Our View: High temps call for some precautions

Labor Day usually marks the unofficial end of summer, but weather forecasts show the heat of the summer won’t be letting up anytime soon.

With heat indices that hovered in the mid- to upper-90s over the weekend and temperatures expected as high as 88 to 90 degrees this week, area emergency management agencies have declared heat emergencies.

In neighboring Fayette County, the Lexington Emergency Management declared a phase 1 heat emergency for the city Tuesday.

According to media reports, a phase 1 emergency means temperatures are expected to exceed 90 degree for the next three days.

Summer is rearing its ugly and terribly-hot head and that can create some potentially dangerous conditions, especially for those who must be outdoors. Heat emergencies can cause symptoms like cramps, exhaustion and heat stroke. All are serious and can be avoided or prevented.

With that in mind, there are some precautions that can be taken to reduce the risks.

Heat emergencies are more common for older adults and children because of difficulty regulating the internal body temperature.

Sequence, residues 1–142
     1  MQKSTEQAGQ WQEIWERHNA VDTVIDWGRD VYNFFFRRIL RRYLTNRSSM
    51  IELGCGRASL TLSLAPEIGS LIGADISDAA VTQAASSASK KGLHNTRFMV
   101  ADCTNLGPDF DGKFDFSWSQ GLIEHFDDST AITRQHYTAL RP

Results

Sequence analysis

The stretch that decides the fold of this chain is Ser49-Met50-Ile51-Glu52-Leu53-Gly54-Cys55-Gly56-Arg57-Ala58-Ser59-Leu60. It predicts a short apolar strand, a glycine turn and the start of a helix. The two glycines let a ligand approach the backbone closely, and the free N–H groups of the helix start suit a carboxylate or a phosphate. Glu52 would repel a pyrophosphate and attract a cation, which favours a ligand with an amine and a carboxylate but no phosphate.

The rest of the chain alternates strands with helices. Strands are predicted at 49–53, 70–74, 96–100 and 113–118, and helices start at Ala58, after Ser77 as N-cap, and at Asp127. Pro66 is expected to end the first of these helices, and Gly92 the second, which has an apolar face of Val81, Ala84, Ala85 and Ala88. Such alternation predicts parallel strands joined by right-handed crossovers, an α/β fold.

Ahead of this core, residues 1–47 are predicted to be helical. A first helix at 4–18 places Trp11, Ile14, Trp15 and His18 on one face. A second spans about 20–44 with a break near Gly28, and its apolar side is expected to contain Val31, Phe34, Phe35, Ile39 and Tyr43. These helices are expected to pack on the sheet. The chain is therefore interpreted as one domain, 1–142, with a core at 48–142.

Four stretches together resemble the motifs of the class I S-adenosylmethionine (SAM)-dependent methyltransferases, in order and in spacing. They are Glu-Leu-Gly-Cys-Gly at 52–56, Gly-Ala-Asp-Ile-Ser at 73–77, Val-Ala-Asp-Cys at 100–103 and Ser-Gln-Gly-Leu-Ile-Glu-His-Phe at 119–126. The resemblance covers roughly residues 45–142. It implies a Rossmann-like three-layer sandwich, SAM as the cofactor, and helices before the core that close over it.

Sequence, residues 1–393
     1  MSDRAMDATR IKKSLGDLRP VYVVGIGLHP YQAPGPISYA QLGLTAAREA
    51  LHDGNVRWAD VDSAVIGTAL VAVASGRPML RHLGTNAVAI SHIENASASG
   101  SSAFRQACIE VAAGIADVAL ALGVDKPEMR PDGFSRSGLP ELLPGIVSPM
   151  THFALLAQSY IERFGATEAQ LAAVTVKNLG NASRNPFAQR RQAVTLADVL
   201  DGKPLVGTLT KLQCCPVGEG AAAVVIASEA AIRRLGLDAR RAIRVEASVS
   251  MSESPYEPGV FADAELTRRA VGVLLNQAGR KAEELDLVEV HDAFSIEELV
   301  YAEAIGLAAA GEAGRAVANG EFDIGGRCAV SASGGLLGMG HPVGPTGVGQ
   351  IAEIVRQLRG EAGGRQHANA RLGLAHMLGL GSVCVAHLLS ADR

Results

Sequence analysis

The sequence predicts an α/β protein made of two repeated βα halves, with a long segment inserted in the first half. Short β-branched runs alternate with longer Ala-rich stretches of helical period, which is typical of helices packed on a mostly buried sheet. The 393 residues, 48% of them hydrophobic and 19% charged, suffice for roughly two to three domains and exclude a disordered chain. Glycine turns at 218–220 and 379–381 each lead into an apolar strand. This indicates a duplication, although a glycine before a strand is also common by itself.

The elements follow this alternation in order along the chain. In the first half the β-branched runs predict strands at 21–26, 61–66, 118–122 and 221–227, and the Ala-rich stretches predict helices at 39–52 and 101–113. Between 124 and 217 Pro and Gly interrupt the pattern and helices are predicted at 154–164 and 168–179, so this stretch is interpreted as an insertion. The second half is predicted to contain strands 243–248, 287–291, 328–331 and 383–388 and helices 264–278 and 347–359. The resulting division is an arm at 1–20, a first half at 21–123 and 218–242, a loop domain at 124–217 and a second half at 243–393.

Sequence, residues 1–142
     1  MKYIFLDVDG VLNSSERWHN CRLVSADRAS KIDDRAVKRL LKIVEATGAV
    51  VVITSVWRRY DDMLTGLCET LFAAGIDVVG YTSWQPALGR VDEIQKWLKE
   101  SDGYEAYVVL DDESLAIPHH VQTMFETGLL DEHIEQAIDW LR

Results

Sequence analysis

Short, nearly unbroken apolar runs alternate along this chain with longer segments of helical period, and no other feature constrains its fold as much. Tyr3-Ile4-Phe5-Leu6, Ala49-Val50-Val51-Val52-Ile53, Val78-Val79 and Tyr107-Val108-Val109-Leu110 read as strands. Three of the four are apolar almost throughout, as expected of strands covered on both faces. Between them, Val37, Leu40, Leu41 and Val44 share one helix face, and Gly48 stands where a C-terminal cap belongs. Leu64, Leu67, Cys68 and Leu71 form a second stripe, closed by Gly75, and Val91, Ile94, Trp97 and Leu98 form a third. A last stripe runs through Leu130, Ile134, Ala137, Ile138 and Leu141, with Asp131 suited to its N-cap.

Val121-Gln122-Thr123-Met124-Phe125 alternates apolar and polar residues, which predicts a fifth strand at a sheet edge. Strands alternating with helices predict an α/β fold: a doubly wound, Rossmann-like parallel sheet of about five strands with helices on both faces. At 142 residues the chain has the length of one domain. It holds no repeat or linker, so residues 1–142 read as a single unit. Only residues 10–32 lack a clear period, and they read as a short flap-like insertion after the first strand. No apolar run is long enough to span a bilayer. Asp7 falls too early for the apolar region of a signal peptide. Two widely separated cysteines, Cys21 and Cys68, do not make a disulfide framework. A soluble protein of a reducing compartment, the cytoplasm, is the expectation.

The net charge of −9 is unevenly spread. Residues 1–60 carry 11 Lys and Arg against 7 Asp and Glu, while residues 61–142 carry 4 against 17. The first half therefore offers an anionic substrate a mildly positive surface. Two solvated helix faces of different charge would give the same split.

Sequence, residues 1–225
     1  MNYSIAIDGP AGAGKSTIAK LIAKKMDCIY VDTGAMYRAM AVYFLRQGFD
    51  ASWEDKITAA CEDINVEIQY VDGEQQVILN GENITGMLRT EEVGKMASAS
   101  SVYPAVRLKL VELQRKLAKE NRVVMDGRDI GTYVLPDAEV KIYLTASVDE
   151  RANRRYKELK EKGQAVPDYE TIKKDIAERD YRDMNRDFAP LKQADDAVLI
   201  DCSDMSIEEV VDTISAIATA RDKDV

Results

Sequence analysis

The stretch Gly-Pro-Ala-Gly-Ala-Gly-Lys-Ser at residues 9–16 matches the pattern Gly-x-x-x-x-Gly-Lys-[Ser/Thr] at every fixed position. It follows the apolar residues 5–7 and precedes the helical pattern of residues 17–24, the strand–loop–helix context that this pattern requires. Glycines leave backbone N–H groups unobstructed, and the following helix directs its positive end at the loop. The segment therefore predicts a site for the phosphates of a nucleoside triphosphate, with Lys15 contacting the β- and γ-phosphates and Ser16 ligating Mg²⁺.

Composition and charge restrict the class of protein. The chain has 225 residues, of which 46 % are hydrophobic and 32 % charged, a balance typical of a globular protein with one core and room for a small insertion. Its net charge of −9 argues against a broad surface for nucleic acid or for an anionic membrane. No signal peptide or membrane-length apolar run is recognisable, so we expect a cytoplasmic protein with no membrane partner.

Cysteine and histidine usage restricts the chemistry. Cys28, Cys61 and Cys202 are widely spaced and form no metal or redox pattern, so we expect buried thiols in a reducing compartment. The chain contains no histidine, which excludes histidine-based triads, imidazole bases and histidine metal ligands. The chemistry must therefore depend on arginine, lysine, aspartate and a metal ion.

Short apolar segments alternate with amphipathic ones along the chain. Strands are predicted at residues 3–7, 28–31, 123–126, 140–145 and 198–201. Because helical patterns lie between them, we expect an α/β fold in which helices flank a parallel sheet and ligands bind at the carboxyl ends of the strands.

Be a courteous neighbor and check on those who are disabled or elderly. Ensure they have proper air conditioning and shelter from the sun and heat. Also make sure they have plenty of water.

Keep children indoors during the hottest parts of the day and make sure they stay hydrated. When children are outdoors, check on them frequently.

If you must be outdoors, pay attention for signs symptoms of heat-related illnesses including cramps, dizziness, confusions, fast heart rate or breathing, headache, extreme this, nausea/vomiting, pale skin, rapid shallow breathing, weak pulse or even seizures. Rest as often as possible. Wear light-colored clothing. Drink water frequently and avoid alcohol.

Animals can suffer similar symptons in extreme heat, so bring your pets indoors and offer plenty of water. If you know of an animal that does not have access to water or cannot get relief from the sun and heat, call the Clark County Animal Shelter.

If you know someone who is living without air conditioning or a way to escape the heat, offer them help. If you are able, provide a fan, water, a window air conditioning unit or allow them to stay at your home. If that is not an option, advise them to seek shelter somewhere like the Beacon of Hope or seek assistance through Clark County Community Services.

While extreme heat can be frustrating and uncomfortable for some, it can be fatal to those who do not and cannot take the necessary precautions.

By being a good neighbor we could help prevent these tragic circumstances.